What it takes to change the world

Were it not for John Hinckley and his crazed passion for a Hollywood child star, climate change would be far more advanced. Don’t believe me? Read on.

What might have been, in blue; what is, in green.

What might have been, in blue; what is, in green.

In the early 1970s, years before Hinckley fired on Reagan, chemists hypothesized that the widespread use of CFCs for refrigeration and spray bottle propellant might lead to much higher rates of deadly skin cancers.

Ozone gas high in the stratosphere normally absorbs most of the sun’s ultraviolet-B rays. What UV-B does get through is enough to cause skin cancers. CFCs are harmless at ground level. But they float up to the stratosphere where UV rays break the CFCs down, releasing high concentrations of chlorine atoms. A single chlorine atom can destroy 100,000 ozone molecules. And we were releasing nearly 1 million tons of CFCs a year. A skin cancer epidemic was highly probably without a ban on CFCs.

The 1987 treaty that banned CFCs took years to negotiate and was strongly opposed by many in the UK, France and Germany.

One of those opponents was Ronald Reagan. He won the presidency in 1980 on a platform of deregulation. Important Reagan appointees questioned CFC science. Anne Gorsuch, head of the EPA (Environmental Protection Agency), challenged the link between CFCs, stratospheric ozone depletion, and skin cancer epidemics.

But by 1986 Reagan was quietly supporting an aggressive global ban on CFCs according to Andrew Benedick, the lead US negotiator. Why did Reagan act against his principles?

No more for you, Mr. President.

No more for you, Mr. President.

Benedick and others credit Reagan’s fight with skin cancer. Reagan loved the outdoors. Whenever possible he would sneak away from the office to ride his horses and chop wood. In early 1985 the bill for Reagan’s decades of unsafe sunning came due when doctors diagnosed aggressive skin cancer. To get rid of it doctors operated two, possibly three times, between November 1985 and July 1987.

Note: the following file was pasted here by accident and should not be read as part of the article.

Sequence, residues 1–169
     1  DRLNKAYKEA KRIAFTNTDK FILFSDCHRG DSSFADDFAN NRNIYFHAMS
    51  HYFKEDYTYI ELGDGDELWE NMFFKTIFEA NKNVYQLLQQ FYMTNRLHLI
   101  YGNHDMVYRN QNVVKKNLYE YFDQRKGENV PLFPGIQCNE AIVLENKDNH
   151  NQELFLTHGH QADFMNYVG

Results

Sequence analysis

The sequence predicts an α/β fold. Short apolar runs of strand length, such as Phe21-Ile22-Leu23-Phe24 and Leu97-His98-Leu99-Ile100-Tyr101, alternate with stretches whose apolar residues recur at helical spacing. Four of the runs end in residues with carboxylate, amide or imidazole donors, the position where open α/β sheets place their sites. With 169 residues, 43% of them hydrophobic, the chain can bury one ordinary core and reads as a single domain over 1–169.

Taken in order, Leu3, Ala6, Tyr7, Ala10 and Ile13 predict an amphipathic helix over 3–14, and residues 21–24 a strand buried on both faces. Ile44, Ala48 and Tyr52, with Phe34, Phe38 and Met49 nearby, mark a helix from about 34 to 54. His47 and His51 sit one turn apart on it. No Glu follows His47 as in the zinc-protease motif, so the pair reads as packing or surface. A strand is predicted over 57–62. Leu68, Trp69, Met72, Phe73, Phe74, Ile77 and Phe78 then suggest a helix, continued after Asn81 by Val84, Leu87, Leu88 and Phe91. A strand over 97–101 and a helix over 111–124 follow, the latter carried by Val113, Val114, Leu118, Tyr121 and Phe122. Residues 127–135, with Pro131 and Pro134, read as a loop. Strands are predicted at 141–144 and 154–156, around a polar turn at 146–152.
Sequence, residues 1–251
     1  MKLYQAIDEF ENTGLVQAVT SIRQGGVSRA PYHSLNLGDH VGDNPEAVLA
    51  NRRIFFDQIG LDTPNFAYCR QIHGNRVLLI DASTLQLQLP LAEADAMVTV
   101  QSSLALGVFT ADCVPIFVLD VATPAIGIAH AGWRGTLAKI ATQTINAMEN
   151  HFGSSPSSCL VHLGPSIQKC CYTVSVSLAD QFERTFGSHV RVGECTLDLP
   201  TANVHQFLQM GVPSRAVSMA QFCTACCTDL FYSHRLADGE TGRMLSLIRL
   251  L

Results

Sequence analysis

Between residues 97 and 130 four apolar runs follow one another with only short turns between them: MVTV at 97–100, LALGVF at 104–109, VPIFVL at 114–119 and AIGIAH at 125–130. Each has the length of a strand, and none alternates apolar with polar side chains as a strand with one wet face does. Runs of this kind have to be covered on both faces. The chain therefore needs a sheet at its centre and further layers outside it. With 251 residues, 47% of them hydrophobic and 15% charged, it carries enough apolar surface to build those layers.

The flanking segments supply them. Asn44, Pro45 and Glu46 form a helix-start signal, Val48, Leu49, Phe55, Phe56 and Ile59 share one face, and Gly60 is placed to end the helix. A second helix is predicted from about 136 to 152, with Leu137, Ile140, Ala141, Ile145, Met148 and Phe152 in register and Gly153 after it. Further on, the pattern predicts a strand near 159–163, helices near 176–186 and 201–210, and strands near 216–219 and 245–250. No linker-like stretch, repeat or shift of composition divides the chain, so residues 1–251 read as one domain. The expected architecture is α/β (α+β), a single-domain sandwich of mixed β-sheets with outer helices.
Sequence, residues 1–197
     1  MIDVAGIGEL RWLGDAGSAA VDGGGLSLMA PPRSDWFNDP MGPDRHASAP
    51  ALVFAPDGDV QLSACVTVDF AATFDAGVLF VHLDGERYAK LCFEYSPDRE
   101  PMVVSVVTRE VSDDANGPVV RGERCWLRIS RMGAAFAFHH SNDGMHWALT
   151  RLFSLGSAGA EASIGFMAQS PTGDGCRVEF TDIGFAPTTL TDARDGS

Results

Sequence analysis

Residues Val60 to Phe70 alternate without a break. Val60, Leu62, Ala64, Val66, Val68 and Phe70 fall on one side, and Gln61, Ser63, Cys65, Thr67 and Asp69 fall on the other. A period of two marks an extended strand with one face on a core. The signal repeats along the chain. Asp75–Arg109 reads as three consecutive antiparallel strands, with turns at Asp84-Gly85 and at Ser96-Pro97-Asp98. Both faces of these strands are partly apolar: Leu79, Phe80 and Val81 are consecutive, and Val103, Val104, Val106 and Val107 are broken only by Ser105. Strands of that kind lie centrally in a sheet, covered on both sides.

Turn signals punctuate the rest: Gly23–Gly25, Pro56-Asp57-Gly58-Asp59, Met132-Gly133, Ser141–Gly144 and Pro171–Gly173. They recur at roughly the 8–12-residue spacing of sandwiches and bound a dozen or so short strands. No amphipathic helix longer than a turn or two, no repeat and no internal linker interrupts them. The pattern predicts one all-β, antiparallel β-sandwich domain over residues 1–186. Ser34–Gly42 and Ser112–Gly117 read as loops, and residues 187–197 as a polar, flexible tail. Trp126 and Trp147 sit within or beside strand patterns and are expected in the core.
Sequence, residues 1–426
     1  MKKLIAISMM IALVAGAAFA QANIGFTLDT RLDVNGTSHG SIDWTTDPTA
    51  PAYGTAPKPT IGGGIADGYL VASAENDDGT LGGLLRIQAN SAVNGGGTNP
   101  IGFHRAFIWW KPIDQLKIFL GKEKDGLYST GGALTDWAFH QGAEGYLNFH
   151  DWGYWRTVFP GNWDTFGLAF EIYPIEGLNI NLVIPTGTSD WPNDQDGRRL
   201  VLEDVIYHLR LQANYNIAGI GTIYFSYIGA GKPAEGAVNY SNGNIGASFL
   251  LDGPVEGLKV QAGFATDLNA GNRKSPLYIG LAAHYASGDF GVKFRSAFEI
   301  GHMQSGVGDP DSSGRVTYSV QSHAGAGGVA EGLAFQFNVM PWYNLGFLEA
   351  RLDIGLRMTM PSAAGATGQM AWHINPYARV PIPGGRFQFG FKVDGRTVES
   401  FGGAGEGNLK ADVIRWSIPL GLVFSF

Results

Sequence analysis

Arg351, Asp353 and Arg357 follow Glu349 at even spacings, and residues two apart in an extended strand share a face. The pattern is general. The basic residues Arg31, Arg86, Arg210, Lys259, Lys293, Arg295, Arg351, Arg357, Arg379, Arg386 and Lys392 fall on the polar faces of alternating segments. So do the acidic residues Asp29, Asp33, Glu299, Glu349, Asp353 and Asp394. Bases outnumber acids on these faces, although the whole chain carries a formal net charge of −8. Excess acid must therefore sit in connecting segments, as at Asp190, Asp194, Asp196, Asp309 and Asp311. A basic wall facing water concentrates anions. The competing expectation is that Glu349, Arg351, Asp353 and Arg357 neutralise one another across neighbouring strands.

But there had to be more. It can be hard to change your mind. But to change policy you have to resist the social pressure of your entire community – and win. Reagan faced strong opposition to the CFC ban from his own cabinet as well as the Republican party. Reagan’s support for a ban on CFCs makes him the only GOP president or candidate in over 30 years to defy the party line.

Some argue that Margaret Thatcher, a trained chemist, persuaded Reagan. But Thatcher only joined the ban-CFC bandwagon in late 1987 after the initial treaty was signed in July. Benedick says Thatcher came around after scientists, who had been denied direct access, were allowed to pitch Thatcher directly.

If not for this moment, climate change would be much worse now.

If not for this moment, climate change would be much worse now.

The appearance of the ozone hole likely played a part.

Scientists predicted that ozone levels would gradually decline. Instead a huge ozone hole formed in the skies over Antarctica in the space of a few years. It was obvious that the same collapse would soon happen in northern latitudes. This news became public in 1985 around the time Reagan’s dermatologist was giving him the bad news.

Before any of that, there was Hinckley. He missed assassinating Reagan in 1981 by the tiniest of margins.

Aid Michael Deaver told interviewer Charlie Rose that after the attempt on Reagan’s life he became more stubborn. He believed that he was chosen by a higher power, and that the shooting was a reminder of this. Reagan decided to more closely follow his own instincts.

As bad as the droughts, famine and flooding are today it could be much worse. CFCs are a very much more potent greenhouse gas than carbon dioxide. Without a CFC ban the effects of climate change would be far more advanced.

But thanks to a love of the outdoors, skin cancer, the ozone hole — and Hinckley — we have a ban on CFCs.

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